Trying to solve a tough problem? Wracking your brain for a breakthrough? Looking for a eureka moment? Waiting for inspiration to strike?
Try taking a nap.
It’s a strategy that’s worked for a slew of creative geniuses, including Salvatore Dali, Albert Einstein, and other luminaries.
In fact, Thomas Edison, the inventor of the light bulb, phonograph, and the first motion picture device, was famous for his unconventional sleeping ways. He was known to take short micro naps while holding a metal object. As he started to doze, his grip would loosen and the object would inevitably clatter to the floor, causing Edison to wake before he got too far into a sleep phase. During these semi-lucid moments between sleep and wakefulness, Edison was said to have important creative breakthroughs.
How to nap for creativity
Napping can give you a bevy of benefits, both mental and physical. But when it comes to boosting creativity, the timing of your nap is everything.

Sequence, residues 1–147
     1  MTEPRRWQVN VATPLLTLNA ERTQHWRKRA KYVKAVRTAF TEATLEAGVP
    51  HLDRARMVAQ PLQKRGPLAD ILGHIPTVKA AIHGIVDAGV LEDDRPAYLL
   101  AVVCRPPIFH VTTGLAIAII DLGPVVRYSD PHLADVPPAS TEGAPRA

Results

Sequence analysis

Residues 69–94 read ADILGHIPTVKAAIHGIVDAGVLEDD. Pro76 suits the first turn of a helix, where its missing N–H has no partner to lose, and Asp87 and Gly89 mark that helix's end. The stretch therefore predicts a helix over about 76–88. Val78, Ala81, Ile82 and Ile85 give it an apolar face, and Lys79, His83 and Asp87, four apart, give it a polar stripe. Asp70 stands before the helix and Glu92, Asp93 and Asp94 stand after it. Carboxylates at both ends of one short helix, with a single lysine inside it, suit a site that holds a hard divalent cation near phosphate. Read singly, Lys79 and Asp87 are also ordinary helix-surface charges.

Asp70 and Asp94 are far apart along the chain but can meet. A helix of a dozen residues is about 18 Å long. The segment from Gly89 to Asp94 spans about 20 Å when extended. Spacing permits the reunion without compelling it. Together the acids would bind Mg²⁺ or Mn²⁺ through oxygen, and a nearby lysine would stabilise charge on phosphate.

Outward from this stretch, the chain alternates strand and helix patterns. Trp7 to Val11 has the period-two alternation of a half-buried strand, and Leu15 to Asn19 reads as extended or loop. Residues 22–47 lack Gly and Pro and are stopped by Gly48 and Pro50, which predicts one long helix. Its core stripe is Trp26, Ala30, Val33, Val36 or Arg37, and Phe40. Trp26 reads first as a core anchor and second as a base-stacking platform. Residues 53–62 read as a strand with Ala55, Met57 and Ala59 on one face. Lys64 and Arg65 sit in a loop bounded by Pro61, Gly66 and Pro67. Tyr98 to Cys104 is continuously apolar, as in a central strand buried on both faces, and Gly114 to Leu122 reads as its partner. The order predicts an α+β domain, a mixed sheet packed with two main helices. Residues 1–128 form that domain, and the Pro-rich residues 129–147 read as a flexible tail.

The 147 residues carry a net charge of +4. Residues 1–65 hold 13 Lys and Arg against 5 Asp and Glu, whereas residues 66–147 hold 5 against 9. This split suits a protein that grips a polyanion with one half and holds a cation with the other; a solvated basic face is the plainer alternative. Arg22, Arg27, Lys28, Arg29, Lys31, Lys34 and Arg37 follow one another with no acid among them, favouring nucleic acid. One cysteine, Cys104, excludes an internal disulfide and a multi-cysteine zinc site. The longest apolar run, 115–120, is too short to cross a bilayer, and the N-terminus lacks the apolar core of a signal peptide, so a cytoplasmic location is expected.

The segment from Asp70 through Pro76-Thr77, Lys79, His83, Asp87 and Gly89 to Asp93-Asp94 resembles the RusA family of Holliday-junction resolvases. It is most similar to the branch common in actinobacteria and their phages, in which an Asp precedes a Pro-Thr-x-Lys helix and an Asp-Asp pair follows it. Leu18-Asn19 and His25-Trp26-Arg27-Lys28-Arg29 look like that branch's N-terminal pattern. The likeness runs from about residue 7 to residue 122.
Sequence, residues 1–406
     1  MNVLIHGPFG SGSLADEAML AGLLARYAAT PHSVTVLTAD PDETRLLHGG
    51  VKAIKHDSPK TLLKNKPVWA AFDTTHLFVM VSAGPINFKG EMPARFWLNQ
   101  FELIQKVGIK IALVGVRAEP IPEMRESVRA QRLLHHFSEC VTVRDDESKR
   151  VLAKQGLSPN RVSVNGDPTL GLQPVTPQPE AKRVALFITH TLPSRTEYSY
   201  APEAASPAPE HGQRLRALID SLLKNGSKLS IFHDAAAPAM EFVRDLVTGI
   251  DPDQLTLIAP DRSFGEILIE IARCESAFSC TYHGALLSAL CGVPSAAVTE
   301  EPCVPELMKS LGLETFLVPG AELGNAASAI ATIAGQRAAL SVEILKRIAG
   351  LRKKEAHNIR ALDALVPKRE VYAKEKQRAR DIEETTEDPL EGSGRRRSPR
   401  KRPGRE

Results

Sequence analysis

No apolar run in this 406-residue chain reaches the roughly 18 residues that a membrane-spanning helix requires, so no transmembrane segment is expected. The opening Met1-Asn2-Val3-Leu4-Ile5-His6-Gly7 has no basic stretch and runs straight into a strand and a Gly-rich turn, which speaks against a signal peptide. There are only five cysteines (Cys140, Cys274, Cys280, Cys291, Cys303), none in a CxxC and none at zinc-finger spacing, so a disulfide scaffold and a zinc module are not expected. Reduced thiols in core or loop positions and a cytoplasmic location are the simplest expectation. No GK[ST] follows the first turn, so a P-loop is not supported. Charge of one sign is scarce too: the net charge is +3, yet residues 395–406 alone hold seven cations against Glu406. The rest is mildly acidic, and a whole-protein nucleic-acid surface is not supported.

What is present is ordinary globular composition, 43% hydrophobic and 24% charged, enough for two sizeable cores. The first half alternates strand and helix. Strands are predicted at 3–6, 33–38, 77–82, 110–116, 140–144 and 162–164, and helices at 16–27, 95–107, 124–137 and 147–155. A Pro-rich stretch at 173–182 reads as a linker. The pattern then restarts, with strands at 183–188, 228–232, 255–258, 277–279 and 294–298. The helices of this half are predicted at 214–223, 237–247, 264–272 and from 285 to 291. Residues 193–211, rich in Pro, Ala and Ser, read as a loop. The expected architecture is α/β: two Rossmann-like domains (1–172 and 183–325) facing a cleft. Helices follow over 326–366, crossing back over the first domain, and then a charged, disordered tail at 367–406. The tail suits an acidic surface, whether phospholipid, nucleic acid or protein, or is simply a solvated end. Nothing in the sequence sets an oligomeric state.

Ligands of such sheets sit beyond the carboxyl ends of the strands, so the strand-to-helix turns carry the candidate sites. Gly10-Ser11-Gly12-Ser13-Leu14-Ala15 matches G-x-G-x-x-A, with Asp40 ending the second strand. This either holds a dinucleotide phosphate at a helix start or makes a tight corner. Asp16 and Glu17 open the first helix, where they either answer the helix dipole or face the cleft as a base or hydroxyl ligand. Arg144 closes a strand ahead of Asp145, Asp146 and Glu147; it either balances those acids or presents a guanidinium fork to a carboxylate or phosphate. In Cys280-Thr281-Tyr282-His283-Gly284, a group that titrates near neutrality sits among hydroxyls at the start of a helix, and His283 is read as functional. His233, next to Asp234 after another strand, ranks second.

In a study that focused on creativity and sleep stages, researchers found that participants who spent at least 15 seconds in the transitional stage of N1 sleep, a phase of sleep that lasts less than 10 minutes and occurs as you drift from consciousness to unconsciousness, were three times more likely than those who stayed awake to discover a hidden rule allowing them to almost instantly solve a math equation. Meanwhile, those who were allowed to segue into N2 sleep (considered to be a fully asleep sleep state) were the least likely to find the hidden rule.
“Stage 1 [N1] sleep is a state somewhat between awake and fully asleep. It's often considered ‘quiet wake’ or ‘the twilight zone’ by sleep scientists, and usually this stage takes up about 5% of sleep at night because it mostly serves as a transition from wake to sleep,” explains Jade Wu, Ph.D., a sleep psychologist and author of “Hello Sleep.” “The brain activity during this state is somewhat similar to what happens during meditation. It's possible that this meditative half-sleep state is good for creativity because it allows the brain to freely associate in a relaxed state and incubate information more efficiently than when we're awake and distracted.”